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How to Stop Negativity in its Tracks

woman wearing a black and white striped shirt holding her palm up

Negativity is a natural human response. Especially nowadays when we’re surrounded by viral outbreaks, terror threats, and a spirit of worldliness that seems to be worsening by the nanosecond. It can be so hard remaining hopeful and determined to focus on the good, especially in difficult circumstances and environments, but keeping a God-centered perspective is the best way to combat negative thoughts, and it works.

Take Every Thought Captive…or at Least the Nasty Ones

Negativity is just a result of thoughts existing out of God’s will. 2 Cor. 10:5 says to take every thought captive to Christ. That means literally transferring every thought that whispers ‘you can’t do that,’ or ‘I wish I was her,’ or ‘ I’ll never get this right,’ and handing it over to the Lord. Plagued by thoughts you’ll never make it through your daughters’ rebellious teenage years? “All yours Lord!” Doubting you can make it another day with a boss that drives you nuts? “Another one for you, God!”  It’s tough resisting negativity when your boss hijacks your intellectual property and stamps his name on your reports, but positivity is a mental exercise that trains your heart and your brain to see things through God’s eyes. Like any spiritual exercise, it takes some practice, but it helps to think, “how would Jesus think and act in this situation? Even if we’d be right, in the natural, to feel and act negatively, God calls us to let go and think differently. With a willing spirit, nothing is impossible with him.

Focus on the Positive, Even When You Need a Microscope

When we’re feeling negative about a certain circumstance, others or about ourselves, it does wonders by letting God change our perspective. If we focus on him, his goodness, his love and faithfulness, we can see past our negative thoughts. If you’re on hour no. 2 of sword fighting with your kids and you think your brain might de-combust at any moment, focus on the good—their cute voices, and the fact that soon they’ll be too cool to play Star Wars with mom—I mean, Obi Wan. If you feel like you have greater chances of discovering life on Mars than losing that last ten pounds, focus on the fact that you’re healthy and have the ability to exercise and move, when so many don’t. Rinse, repeat, and avoid complex carbs…they can’t be trusted.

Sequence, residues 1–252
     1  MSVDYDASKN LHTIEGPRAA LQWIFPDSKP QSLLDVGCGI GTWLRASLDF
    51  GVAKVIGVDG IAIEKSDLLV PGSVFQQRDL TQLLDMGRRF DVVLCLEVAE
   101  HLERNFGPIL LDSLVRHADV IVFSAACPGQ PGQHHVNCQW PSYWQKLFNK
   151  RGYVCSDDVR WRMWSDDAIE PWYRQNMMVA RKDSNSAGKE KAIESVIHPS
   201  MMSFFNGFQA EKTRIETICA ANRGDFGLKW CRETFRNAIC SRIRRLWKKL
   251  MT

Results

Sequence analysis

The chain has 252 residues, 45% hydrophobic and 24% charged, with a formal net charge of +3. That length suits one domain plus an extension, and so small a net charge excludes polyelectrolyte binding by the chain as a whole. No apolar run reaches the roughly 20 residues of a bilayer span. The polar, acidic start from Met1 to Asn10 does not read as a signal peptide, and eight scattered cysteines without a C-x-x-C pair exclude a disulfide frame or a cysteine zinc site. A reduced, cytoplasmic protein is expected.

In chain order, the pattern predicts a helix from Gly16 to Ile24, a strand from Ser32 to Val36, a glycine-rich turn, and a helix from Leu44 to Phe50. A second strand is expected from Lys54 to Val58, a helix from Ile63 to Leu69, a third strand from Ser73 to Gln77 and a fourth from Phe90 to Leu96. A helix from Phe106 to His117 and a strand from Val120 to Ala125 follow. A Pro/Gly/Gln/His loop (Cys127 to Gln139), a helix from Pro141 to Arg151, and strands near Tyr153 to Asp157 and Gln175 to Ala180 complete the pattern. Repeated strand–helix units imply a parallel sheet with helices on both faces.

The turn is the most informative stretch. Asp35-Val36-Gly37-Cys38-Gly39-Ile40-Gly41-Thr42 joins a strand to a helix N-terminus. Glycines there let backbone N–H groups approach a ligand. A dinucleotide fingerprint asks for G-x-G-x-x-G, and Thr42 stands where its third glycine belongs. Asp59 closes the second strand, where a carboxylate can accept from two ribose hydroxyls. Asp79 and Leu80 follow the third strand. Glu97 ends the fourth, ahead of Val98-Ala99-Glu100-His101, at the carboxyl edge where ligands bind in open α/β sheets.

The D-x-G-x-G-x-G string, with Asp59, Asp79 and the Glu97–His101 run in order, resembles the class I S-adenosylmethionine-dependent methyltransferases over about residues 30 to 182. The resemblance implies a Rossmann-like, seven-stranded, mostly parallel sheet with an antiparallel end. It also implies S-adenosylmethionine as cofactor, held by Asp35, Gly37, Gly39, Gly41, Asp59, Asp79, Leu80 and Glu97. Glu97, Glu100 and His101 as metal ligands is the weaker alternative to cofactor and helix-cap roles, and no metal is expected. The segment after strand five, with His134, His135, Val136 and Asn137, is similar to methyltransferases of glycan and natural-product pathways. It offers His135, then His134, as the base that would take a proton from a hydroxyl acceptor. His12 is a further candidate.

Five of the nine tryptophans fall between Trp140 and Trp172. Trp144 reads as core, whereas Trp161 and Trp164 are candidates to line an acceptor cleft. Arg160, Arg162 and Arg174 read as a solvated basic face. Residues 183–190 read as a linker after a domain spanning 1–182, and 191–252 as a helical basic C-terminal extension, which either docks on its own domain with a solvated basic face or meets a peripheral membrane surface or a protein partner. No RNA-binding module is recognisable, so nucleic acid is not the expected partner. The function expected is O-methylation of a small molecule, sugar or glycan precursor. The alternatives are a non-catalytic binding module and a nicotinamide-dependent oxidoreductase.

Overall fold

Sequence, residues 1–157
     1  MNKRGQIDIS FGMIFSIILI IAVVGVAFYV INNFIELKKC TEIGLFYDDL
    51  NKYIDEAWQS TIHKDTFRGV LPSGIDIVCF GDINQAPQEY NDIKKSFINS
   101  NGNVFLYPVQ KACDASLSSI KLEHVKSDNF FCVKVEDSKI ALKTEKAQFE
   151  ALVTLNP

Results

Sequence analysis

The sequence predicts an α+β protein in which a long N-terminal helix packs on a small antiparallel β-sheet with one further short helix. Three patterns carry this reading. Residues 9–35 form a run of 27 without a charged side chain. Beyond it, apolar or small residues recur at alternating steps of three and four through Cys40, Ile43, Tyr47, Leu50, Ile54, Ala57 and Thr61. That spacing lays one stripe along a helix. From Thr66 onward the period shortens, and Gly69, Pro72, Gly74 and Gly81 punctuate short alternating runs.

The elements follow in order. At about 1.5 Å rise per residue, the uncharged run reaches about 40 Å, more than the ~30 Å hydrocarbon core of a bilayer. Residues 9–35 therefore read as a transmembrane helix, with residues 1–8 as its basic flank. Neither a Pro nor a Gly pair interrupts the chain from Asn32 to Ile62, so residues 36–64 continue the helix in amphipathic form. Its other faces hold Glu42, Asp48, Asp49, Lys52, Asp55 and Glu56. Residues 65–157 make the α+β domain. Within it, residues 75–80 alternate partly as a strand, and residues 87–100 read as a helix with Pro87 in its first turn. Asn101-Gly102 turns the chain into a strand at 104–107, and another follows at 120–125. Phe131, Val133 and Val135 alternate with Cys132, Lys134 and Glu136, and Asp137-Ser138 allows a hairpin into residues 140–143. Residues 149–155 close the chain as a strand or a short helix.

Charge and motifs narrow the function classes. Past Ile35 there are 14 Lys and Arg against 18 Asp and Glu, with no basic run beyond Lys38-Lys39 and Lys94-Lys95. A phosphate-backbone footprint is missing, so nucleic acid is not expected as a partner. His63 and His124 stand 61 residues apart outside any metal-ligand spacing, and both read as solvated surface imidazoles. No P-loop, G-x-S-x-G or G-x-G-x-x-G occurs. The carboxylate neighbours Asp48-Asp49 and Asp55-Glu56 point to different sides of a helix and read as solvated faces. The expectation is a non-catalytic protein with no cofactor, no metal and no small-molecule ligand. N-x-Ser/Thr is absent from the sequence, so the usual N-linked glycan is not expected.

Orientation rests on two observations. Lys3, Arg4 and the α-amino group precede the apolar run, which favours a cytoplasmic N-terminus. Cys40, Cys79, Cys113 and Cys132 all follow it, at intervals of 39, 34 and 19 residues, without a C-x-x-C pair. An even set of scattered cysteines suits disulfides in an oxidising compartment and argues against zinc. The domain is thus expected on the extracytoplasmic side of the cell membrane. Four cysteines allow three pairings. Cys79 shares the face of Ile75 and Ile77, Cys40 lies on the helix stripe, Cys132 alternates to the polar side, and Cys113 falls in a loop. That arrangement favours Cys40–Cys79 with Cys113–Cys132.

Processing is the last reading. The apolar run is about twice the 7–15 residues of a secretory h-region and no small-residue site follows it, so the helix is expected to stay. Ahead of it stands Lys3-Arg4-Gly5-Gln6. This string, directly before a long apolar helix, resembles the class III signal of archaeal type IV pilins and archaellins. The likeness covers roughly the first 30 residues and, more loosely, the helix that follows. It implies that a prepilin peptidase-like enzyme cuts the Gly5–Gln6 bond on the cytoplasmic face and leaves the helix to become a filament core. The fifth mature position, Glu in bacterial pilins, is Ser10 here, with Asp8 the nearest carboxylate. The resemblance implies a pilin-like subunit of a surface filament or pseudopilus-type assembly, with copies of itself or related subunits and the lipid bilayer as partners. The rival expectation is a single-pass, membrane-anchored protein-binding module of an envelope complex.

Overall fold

Think about Heaven

More specifically, what life on this Earth really means. Okay, this might seem like a desperate, last ditch Hallmarked effort to perk a friend up, but in all seriousness, think about the eternal destiny of our lives when you’re really struggling with negative thoughts or facing extremely negative odds. I think we see the timeline of our existence all wrong. The Bible refers to this life as “but a vapor,” where our total purpose is to love and be loved by God and love others. No matter how hard I’ve tried, I can’t find any other purpose for life on Earth but to love the Lord and help others know him, through love. I think if we could imagine our lives really beginning when we’re perfected in heaven, we’d have different priorities, expectations, and feel a lot less disappointment and experience much less negativity. When feeling negative, I’ve placed my darkest struggles in the light of eternity, knowing that we’ll be spending our entire lives in beauty, joy, and total happiness and peace, with no limitations, fear, or worry. It really has helped.